League of Legends has been around for nearly 10 years and in that time we’ve seen plenty of major changes including new and exciting champions. With a long champion development cycle it’s only inevitable that some champions never made it through the whole process and ended up being scrapped. Known as League of Legends cancelled champions, these champions unfortunatley never made it to see the rift.
There are various reasons why champions are scrapped. Sometimes the theme of the champion doesn't match the game and sometimes there are numerous copyright issues stopping Riot from progressing. Although many of these champions were never made, a large number of them served as inspiration for champions that are in the game today.
Whatever the reason for cancelling them these champions are locked away in Riots vaults never to face battle on summoner’s rift.
Here are some of the most famous cancelled champions in League of Legends that never made it past the development phase.
For years if you mentioned the word “Dragon” in League of Legends players would assume you were talking about the Cloud Drake. But in 2013 the word Dragon was on everyone's tongue for a different reason.
In 2013 rumour spread that Riot was planning to release a dragon champion, the first of its kind in the game. There was much speculation on the name and abilities of the champion until Riot finally announced the champion “Ao Shin” was in development on their website.
Riot released some background and lore information on the new champion to give players a bit of context. The release went on to say “Ao is the family name of the mythological dragon kings, who rule water and weather. This tells us right away that this is a powerful being. Shin can mean many things, one of which is prosperity. It also means a rising storm.”
The theme for the new Ao Shin was that of water and weather, like a storm dragon. Fans were super excited when they heard the news and couldn’t wait to play him in game. As the years went on fans became increasingly frustrated due to various delays and problems with the champion.
Eventually, after nearly 3 years in development, Ao Shin was axed and never got to see summoner's rift. But in his place, a new dragon champion named Aurelion Sol became his successor. Based on a space theme Sol shared the same dragon concept but had a new theme that Riot thought fit well with the game.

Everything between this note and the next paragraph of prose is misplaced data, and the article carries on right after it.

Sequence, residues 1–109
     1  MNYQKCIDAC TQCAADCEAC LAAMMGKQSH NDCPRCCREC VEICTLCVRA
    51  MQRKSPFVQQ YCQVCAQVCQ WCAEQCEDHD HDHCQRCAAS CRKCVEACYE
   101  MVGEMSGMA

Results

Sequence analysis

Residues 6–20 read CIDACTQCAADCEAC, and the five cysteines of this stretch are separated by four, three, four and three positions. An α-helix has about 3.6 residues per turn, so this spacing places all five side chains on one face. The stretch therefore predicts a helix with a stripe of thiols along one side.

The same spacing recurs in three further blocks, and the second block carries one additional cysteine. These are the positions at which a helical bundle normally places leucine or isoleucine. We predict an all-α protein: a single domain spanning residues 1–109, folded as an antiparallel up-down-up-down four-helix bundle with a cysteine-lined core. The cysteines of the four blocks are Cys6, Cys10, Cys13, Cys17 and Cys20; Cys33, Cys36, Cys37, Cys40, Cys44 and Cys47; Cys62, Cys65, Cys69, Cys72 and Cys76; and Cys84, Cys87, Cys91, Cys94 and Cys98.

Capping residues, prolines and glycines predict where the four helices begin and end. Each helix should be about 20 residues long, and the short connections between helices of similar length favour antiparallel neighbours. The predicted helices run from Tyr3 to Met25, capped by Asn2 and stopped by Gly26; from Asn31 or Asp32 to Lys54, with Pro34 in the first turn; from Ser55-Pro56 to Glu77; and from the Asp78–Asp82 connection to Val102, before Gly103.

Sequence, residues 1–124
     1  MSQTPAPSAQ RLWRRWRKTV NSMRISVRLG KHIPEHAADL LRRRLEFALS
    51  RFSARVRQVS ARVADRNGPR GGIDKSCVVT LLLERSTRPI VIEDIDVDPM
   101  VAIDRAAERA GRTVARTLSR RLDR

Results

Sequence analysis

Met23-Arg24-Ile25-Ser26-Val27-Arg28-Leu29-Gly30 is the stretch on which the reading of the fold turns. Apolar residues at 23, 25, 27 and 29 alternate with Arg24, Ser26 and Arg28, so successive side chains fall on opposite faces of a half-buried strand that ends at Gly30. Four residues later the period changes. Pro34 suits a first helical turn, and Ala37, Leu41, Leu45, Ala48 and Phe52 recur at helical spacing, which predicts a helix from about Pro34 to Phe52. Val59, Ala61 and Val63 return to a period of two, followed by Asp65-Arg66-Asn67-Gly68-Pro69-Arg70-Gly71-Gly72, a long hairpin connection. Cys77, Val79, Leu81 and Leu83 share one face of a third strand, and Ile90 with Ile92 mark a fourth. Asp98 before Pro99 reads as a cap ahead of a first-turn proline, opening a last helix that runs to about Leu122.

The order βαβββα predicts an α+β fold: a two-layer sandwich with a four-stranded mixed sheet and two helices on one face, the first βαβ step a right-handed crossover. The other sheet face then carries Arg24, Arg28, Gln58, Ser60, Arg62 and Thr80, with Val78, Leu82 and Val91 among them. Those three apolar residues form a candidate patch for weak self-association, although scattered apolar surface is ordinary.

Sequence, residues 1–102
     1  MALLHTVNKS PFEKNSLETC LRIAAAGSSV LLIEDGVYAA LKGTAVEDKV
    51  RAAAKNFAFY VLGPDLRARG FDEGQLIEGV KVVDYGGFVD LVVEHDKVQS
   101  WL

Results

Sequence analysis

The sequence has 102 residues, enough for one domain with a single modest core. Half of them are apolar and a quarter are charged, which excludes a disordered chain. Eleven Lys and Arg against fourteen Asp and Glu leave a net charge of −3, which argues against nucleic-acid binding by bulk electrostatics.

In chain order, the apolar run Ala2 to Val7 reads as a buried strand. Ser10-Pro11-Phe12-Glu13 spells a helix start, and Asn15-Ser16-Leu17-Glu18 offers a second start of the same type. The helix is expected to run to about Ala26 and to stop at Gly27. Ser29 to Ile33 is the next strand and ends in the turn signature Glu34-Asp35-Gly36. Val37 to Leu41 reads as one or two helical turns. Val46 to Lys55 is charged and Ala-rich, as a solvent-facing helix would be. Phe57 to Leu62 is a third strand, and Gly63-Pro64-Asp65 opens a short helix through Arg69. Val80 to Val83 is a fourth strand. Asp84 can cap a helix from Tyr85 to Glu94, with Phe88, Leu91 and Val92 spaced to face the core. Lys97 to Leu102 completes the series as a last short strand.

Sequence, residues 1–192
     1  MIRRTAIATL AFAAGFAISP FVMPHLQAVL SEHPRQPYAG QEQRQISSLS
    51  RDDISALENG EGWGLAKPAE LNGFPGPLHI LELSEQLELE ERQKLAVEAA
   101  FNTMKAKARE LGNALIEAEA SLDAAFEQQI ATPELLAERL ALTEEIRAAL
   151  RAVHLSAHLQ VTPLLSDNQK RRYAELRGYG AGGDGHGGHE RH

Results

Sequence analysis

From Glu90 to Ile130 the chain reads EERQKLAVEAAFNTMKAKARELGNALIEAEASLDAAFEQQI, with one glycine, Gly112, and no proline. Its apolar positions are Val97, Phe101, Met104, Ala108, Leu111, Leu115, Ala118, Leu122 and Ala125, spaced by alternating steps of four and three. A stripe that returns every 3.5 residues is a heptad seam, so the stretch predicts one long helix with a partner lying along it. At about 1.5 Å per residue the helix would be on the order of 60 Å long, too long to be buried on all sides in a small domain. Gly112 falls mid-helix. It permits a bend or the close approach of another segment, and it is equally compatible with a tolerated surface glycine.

Aurelion Sol was eventually released in early 2016 and has been firing new-born stars all over summoner's rift ever since. Ao Shin may have been cancelled but at least players got the dragon champion they have always wanted.
Back in 2015 CeeCee was showcased at the PAX East event as a current champion in development. Former concept artist Michael “IronStylus” Maurino the lead developer of popular champions such as Leona drew the concept art and fans were super excited.
CeeCee was originally planned to be released as a support champion during her initial development phase. Her first concept design showed a large mechanical workbench that could transform and changed depending on her needs.
The mechanical workbench could be transformed into a giant shield that was perfect for soaking up damage from ADCs and protecting teammates. Riot wanted to make a unique champion that gave players different ways to interact with their ADCs instead of just providing buffs and heals.
For CeeCee the main concept Riot wanted to explore was the shield concept and how it could be used to protect other teammates. Instead of just making a watered down version of the shield Riot decided to make a whole champion dedicated to just the shield concept.
Unfortunately, this meant waving bye-bye to CeeCee and completely redesigning a new champion. In the end, Braum ended up taking her place as the shielded warrior we all love. For now, it looks like the shield concept has already been explored and there are no plans to revive CeeCee. This just goes to show how one idea for a champion can end up influencing a completely new champion altogether.
Originally developed as a tank, the rumours for the new sand mage started to appear around late 2013. The concept art for Seth was leaked on a Reddit thread with many players claiming the art was fake until Riot officially revealed it a few months later.
Initially rumoured to be a tank Riot decided to completely rework his skill set and change him into a mage. Instead of just being a normal ranged caster champion with several abilities to throw at enemies Riot wanted to explore a different concept of controlling sand.
The idea was that similar to Taliyah’s Worked Ground ability, Seth could only cast certain abilities when in the presence of sand. This meant the player had to adopt a certain play style in order to continually deal damage to enemies.
Similar to being an Egyptian emperor and controlling slaves and workers, Riot tried to incorporate this idea into the champion. Unfortunately for Seth this meant a complete re-design and although we did get a sand mage, in the end, the whole mechanics and how the champion works is completely different.
The new sand mage Azir ended up taking his place and despite the fact that they look visually the same they are completely different champions. Released in late 2014 Azir was plagued with bugs and errors on his release. After all, this concept was entirely new and had never been explored before so there was bound to be problems.
Overall fans got the sand mage they were promised but it was a long and bumpy development road with plenty of reworks and delays.
Sometimes Riot have brilliant ideas and designs for champions which look great on paper. The problem arises when they try and fit them into the game. A lot of the time many designs and concepts simply don’t make sense or work out. Ivan the Mad Bomber is a great example of how a well-designed champion failed to fit in the game.